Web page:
I’ve been thinking about media and perception, and the self censorship that’s gone on through a lot of the Bush administration, and I can’t help thinking that censorship in the media is a bad thing. I’m not talking foul language or nipples (though I don’t get the big deal there).

I’m talking about censoring the press, what they can write about and what they should write about.

I was the News Editor for my high school paper, which I’ll call The V, in the fall of 1998. I was being groomed to be the Editor-in-Chief the following year, so if anyone was going to get into a scuffle with the administration, it was going to be A, our then editor-in-chief and me. I was a junior, and in my world freedom of the press was an absolute constitutionally guaranteed right. I was 16, and I couldn’t drive yet. The V was paid for by my high school and printed using computers, copiers, you name it; we were owned by the school.

Freedom of the press is not guaranteed if you are under 18, and have someone to answer to, who ultimately will control whether you graduate, and who gets to approve your content. The single most annoying part of the whole publishing process at The V was how long it took to get, section editor, E-i-C, teacher, and administration approval on every single article we published.

On October 12th 1998, Matthew Sheppard was brutally murdered. Because it was important news, no matter that we were a Catholic School, we got to publish it. We were not allowed to publish a set of op-ed pieces relating to homosexuality and anti-discrimination and anti-hate crime legislation. We were fairly certain that the only reason we were even allowed the news story was because it was such big news, and we covered it as fairly and ad much detail as we could from thousands of miles away. And those are the kind of stories that win high school papers journalism awards.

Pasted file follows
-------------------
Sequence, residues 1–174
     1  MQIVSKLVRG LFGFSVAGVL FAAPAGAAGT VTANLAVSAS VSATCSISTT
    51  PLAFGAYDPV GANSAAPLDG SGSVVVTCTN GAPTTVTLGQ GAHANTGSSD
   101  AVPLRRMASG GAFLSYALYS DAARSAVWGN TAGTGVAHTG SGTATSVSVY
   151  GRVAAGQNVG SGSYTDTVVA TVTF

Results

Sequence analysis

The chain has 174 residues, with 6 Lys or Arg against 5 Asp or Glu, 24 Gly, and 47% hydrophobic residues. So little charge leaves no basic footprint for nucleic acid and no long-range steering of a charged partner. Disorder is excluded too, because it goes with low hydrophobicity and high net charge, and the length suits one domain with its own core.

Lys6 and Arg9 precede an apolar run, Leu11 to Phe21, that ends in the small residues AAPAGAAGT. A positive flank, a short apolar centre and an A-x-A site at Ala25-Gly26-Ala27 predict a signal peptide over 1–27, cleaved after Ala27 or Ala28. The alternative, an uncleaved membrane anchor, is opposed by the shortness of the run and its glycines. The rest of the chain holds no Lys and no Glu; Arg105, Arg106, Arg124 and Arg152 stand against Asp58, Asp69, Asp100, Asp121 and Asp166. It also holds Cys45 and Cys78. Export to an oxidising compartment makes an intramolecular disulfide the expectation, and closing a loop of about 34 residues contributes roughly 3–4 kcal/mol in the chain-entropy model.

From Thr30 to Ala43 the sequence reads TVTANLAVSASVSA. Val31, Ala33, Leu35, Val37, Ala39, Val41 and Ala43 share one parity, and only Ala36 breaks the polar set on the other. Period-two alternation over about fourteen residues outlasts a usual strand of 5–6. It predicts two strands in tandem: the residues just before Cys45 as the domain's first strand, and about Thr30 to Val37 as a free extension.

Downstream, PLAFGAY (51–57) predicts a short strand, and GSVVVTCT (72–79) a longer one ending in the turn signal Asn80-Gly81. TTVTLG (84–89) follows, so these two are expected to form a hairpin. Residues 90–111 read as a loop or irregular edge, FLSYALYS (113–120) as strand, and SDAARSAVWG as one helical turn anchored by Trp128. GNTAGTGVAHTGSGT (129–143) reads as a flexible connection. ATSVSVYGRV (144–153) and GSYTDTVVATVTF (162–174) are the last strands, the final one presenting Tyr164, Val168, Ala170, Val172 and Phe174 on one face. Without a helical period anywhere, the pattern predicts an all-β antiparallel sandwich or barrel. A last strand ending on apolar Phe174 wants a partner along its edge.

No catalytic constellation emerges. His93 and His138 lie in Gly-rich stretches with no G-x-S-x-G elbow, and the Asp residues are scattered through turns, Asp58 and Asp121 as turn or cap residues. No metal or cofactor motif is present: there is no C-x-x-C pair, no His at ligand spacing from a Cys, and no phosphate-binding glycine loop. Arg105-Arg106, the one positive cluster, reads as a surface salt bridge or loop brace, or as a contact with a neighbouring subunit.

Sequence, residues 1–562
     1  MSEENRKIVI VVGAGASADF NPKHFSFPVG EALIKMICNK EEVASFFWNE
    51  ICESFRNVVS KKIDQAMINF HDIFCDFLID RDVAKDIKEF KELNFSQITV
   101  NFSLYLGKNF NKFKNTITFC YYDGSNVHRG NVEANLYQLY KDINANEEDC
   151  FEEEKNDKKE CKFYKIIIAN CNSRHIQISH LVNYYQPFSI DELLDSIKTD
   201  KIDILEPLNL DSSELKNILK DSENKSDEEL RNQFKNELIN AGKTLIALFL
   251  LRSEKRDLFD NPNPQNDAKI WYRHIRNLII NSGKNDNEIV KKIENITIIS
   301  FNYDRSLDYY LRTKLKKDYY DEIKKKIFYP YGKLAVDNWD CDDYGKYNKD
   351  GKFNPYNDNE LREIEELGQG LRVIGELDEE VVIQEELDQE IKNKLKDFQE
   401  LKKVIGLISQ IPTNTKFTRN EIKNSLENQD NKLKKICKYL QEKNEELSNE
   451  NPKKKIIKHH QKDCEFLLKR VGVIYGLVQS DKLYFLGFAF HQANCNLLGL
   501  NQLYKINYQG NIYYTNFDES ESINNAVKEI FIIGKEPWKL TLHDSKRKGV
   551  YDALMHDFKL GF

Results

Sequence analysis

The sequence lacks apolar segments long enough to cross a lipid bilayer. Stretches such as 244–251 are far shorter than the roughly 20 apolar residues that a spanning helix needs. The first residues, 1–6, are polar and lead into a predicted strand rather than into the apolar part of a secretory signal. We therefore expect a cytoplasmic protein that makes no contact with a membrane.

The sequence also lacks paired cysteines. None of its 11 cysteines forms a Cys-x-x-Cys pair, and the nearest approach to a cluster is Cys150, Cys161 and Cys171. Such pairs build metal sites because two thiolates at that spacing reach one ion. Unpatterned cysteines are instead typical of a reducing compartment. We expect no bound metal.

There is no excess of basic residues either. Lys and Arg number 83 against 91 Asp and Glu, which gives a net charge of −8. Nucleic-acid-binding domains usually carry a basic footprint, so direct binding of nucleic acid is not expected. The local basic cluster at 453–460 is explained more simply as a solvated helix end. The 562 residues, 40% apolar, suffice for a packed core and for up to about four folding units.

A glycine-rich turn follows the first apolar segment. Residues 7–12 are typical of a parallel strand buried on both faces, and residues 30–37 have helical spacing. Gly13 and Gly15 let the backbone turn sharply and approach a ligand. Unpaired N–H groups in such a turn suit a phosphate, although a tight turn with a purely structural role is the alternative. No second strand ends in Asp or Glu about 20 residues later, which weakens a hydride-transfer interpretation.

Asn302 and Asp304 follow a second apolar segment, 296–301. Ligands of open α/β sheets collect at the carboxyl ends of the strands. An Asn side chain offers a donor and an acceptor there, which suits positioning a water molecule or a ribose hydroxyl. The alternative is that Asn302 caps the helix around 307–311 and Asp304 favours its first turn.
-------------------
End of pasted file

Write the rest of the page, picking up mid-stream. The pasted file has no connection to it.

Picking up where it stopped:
And we fought that tooth and nail. There was no Blogger in 1998, (they didn’t start until 1999) and we had no way of publishing those stories outside the normal realm of the print edition of The V. But we were censored. If we printed anything that was not approved by the administration, not only would the paper be shut down, we could be suspended.

We went round with the administration a number of times that year and the following year, and in my heart I wanted to be a journalist because I wanted to be like the students at Northwestern University, who were responsible in large part for the moratorium on the death penalty while the state investigated abuses in system.

That’s what made me want to be a journalist, the idea that words on paper could change the world. An, ultimately, thats what makes me deplore censorship.


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